The computer showed me your letter, and I assume this means we have been matched as pen pals. What’s it like, living with another person? I mean, I’ve done it before, in another life, but the past is thinner than the present.
You say that the sun is trying to eat you. I crawled out the window into the Tuesday garden, where the sun was shining brightly, just this morning to see if I could tell if my sun was hungry. I stood for a long time with my eyes closed, every part of me floating up but my feet stuck on the earth, all my weight pinned against the soles, bare and cool in the crying grass, while the rest of me soaked up warmth like a sponge. But the sun did not eat me. My weight returned, and I sat and listened to a tree’s heartbeat for a while.
Maybe I don’t taste as good as you. If you are what you eat, I taste like cream of asparagus, and the ramen you get in tiny plastic cups that boil over in the microwave.
It’s also possible that the sun has it’s pick of tasty things here, or that something is eating the sun before it can eat me. There are lots of trees and flowers in the Tuesday garden, and they may be gobbling up the toothed rays before they can get to me. I’ll have to repeat the experiment in the blank garden, when it comes back. For safety’s sake I should perhaps not attempt it at sunset.
I do not believe anything too bad will happen to me if I try. The doors always come when things are going to go wrong, and this morning every door in the house was where it should be, including the ones that aren’t always there.
Since you mentioned rats, it occurs to me that since I came through the door, I haven’t seen another living thing that wasn’t a plant. Or fungus. There are no flies, or birds, or earthworms here, unless the earthworms can hear me coming and squirm their pink panty-hose bodies deep into the earth when I dig. At the house, if I go out a door, its mostly dirt and sand anyhow.
Earthworms are not native to North America. This is a fact that I found in the encyclopedia, which sometimes has an entry in a language I can read.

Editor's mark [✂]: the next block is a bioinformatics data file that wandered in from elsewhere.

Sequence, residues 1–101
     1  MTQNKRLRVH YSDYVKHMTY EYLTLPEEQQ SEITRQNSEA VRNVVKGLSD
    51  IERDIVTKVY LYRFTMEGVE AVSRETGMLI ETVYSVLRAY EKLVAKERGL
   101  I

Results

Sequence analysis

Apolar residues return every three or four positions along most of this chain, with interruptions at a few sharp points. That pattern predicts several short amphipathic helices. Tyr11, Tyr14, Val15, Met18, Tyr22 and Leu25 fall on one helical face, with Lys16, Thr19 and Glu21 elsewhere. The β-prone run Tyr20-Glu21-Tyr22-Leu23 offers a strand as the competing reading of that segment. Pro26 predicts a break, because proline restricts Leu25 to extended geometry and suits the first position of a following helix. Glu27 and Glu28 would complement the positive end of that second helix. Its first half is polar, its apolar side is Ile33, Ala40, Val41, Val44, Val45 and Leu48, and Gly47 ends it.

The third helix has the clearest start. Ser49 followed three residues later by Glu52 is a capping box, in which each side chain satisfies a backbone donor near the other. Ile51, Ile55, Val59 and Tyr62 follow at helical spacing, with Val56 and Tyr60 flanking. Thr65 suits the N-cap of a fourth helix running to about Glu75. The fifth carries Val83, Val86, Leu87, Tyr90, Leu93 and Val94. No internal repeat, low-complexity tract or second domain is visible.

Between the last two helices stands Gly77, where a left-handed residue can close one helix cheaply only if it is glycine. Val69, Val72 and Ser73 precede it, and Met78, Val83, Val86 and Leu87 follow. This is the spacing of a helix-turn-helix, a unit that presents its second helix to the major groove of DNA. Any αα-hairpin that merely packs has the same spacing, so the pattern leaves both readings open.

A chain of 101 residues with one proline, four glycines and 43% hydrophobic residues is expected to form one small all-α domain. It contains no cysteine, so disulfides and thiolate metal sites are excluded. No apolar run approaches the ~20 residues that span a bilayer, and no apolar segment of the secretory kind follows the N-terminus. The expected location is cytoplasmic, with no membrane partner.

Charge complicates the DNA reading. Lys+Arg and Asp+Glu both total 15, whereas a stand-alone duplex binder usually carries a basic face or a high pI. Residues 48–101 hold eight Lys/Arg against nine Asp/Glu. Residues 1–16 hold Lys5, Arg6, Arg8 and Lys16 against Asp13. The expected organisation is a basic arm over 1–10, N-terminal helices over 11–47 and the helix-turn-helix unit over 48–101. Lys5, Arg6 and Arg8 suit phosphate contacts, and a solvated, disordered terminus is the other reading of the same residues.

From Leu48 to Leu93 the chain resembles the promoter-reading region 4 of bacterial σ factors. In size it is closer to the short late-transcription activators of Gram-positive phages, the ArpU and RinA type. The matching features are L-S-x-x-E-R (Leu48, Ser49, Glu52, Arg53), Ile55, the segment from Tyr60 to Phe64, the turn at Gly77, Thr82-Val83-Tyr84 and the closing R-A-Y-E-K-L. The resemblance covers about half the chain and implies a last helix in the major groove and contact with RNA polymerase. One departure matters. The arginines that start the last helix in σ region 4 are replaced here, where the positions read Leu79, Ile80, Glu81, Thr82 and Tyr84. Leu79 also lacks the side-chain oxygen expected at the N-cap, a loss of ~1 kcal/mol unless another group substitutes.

I understand missing your work. There is not much that requires doing, in this house, not in a way that will keep your head above the water and give you purpose. If there is dust, there is no one to see it but me, and the house does not seem to like it when I pry too much into all its secret corners.
Not that there are many of those. Like I said, it is a tidy house. There’s barely furniture, nothing but beige yellow wallpaper and the crater walls outside the windows.
No one is watching me. The vast emptiness presses hard on my shoulder blades, makes me creep along the baseboards like a mouse. I think it might be better, to have someone watching, sometimes. To consume the parts of you that otherwise might spin off into an endless void. Even if there’s no help for the fact that we’re all locked into our own skulls, drowning in words that dangle off the fluttering shapes of thoughts.
I’m afraid that, as a pen pal, I won’t be very useful for relationship advice.
Except – I hear you. Well, see your words on the computer screen, that is. We will proceed with the assumption that both of us are real. That the sun can be bottled up, and kept from eating you.
I volunteer my services in trying, at any rate. I’m something of a multi-lifetime expert in disappearance.
P.S. I don’t suppose you know anything about cooking, do you? My last two breakfasts were raw potatoes. It seems I lost anything I once knew about it in the jumble on my way through the door.